• Members are having a side conversation
  • People are interrupting and not hearing each other’s points
  • People become inappropriately emotional
  • The discussion is stuck or off track


If the leader notices any of these problems, he or she should ask, what will happen if I do nothing? If the answer is that the group will be less effective, then the leader is obliged to take action. This can be done either in the group or “off-line,” e.g., after the meeting or during a break if that would be more beneficial.


The wording used for intervention must be carefully crafted; do not assume or judge. Here are three distinct components to guide the creation of your statement with an example for illustration (Table 2). Top


Intervention wording for common challenging situations


Using the above guidelines, here are some appropriate interventions that facilitative leaders may want to incorporate into their toolkit.5


When one person dominates the discussion: “Pat, I notice that we’ve heard many ideas from you. I’m concerned that we may not get to hear from others. Please hold the rest of your comments until the end so that other people can be heard.” Top


When two people are arguing and not listening to each other: “I’m noticing that you are each repeating your points. I’m concerned that you’re not hearing each other’s ideas. I’m going to ask you both to first paraphrase what the other has said before you make your own comment.”


Members are disregarding their previously set guidelines: “I’m noticing that you’re ignoring several of our guidelines. Let’s stop and look back at the guidelines we set last month. What do we need to do to ensure they’re being followed?” Top


When someone is being sarcastic: “Landry, I’m noticing that your good ideas aren’t being heard because of the tone of voice you’re using. How about stating that again, only in a more neutral way?”


When one person is putting down the ideas of another: “Joe, you’ve been ‘yeah butting’ every suggestion Gwen has put on the table. I’m going to ask you to tell us the pros and cons of each of the ideas. I want to make sure Gwen feels like she’s being heard.” When people run in and out of a meeting: “In the last 10 minutes, I’ve noticed several people going in and out of the meeting. I’m concerned that this is disrupting the discussion. What do we need to do about this?” Top



When dealing with challenging behaviour in meetings, leaders have four main options: ideally, prevent the behaviour in the first place; intervene during the meeting; intervene following the meeting; or do not intervene. Even when confronted with challenging behaviour, facilitative leaders must be mindful that their intentions are to learn, to strengthen relationships, and to produce results.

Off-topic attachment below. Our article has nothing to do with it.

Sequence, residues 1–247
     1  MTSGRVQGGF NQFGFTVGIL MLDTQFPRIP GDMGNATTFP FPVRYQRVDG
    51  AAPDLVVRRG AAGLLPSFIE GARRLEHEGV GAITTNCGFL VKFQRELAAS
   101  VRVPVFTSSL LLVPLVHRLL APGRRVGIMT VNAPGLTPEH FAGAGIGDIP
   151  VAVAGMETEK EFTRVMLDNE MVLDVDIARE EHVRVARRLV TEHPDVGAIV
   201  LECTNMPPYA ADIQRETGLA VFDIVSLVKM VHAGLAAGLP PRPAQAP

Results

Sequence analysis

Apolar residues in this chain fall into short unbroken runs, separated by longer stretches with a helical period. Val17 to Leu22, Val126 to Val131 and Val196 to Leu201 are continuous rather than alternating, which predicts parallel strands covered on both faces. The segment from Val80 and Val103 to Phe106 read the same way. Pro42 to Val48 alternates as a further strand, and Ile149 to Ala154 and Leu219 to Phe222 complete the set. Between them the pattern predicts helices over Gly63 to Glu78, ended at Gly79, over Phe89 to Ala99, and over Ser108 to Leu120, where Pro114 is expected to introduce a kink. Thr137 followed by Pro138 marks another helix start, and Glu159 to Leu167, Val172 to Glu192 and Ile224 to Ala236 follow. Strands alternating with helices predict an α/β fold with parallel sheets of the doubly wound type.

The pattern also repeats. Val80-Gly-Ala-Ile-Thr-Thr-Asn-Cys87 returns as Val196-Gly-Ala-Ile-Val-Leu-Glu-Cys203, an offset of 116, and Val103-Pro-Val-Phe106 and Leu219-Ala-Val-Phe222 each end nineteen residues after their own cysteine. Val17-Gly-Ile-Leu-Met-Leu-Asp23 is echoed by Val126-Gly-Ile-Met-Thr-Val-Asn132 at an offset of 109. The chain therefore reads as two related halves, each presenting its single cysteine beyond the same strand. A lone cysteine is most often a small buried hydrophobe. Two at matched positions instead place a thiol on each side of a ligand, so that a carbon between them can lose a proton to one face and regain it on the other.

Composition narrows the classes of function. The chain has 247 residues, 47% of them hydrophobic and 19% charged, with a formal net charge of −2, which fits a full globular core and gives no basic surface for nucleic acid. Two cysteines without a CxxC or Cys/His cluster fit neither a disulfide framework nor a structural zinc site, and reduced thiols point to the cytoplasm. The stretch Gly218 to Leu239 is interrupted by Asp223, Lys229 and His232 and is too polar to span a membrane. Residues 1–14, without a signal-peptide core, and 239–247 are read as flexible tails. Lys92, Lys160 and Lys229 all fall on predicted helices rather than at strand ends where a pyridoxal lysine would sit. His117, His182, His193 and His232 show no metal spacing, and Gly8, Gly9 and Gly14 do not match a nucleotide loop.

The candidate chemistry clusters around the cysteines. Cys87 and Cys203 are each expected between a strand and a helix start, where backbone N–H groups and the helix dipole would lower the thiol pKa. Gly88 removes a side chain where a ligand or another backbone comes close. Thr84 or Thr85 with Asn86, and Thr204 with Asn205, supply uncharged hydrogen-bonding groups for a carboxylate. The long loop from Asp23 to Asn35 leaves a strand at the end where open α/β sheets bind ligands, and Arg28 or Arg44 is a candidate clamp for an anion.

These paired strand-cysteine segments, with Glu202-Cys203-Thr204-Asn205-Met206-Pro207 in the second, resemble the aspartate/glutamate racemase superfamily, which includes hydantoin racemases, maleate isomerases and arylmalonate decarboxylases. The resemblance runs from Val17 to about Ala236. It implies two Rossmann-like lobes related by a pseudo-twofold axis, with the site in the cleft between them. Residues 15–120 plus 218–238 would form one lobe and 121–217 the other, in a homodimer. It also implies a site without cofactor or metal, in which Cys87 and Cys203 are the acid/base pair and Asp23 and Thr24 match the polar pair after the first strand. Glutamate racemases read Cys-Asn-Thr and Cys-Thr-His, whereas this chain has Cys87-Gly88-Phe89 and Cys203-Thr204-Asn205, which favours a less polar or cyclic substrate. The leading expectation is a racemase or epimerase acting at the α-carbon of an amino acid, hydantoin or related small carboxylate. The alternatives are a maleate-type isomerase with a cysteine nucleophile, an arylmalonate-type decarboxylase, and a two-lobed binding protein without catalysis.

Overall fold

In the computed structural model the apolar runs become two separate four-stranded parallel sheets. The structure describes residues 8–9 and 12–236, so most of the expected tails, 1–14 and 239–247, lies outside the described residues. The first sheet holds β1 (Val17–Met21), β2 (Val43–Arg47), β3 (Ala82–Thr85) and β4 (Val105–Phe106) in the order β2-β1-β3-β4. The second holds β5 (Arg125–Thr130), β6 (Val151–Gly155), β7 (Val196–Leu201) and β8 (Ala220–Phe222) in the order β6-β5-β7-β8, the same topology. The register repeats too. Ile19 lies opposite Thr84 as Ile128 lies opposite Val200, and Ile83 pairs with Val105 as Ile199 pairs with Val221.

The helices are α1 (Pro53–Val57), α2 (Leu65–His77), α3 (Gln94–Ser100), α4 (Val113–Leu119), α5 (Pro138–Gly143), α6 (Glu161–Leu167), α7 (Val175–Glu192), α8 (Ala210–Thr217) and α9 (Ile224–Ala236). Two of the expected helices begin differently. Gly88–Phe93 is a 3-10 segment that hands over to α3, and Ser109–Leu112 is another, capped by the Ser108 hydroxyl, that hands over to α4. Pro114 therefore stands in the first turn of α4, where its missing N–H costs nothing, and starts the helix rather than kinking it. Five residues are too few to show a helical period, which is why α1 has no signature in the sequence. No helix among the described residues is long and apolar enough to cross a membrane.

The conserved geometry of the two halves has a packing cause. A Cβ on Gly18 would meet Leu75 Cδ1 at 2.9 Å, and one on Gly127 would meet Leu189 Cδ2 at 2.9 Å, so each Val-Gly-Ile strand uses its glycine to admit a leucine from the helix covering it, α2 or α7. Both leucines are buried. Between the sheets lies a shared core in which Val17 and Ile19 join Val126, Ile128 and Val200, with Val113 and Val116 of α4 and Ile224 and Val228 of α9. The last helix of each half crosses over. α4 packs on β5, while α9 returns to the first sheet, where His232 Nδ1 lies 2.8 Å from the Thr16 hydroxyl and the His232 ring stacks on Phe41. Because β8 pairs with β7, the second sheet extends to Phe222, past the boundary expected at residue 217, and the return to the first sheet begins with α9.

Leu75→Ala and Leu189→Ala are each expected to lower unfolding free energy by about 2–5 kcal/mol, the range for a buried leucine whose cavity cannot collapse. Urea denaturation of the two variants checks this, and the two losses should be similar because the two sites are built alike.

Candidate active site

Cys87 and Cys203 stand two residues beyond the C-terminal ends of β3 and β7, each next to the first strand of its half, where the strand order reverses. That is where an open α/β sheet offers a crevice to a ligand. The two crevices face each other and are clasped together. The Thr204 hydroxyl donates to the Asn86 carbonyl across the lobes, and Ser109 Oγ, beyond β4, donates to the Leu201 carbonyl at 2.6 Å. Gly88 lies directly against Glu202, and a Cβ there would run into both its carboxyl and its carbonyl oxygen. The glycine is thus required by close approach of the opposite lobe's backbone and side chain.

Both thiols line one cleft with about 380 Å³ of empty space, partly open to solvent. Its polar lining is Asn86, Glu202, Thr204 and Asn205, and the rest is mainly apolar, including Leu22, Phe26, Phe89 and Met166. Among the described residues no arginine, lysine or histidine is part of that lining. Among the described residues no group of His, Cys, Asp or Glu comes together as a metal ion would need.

“I’ve learned that people will forget what you said, people will forget what you did, but people will never forget how you made them feel.” ― Maya Angelou Top



1. Lencioni P. The advantage – why organizational health trumps everything else in business. San Francisco: Jossey-Bass; 2012.

2. Olsen M, Yates M. Designing engaging and productive meetings. Can J Physician Leadersh 2015;Winter:16–9.

3. Olsen M, Yates M. Keeping the discussion on track. Can J Physician Leadersh 2015;1(4):table 3. 14–9.

4. Olsen M, Yates M. Group decision-making. Can J Physician Leadersh 2015;2(1):14–7.

5. Bens I. Facilitating with ease! Core skills for facilitators, team leaders and members, managers, consultants, and trainers (2nd ed.). San Francisco: Jossey-Bass; 2005.

6. Beckhard R. Optimizing team building effort. J Contemp Bus 1972;1(3):23-32.



Monica Olsen, MHRD, is principal of Olsen and Associates Consulting. Her current focus is on leadership development in the health care sector through customized education programs, facilitation, and coaching. She has been a long-standing faculty member of the CMA’s Physician Leadership Institute.


Mary Yates, MEd, is principal of Align Associates, offering expertise in the areas of leadership development, team effectiveness, performance management, meeting and retreat facilitation, human resources management, curriculum design, and quality improvement. She has been on the faculty of the CMA’s Physician Leadership Institute for the last 16 years.


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This article has been reviewed by a panel of physician leaders.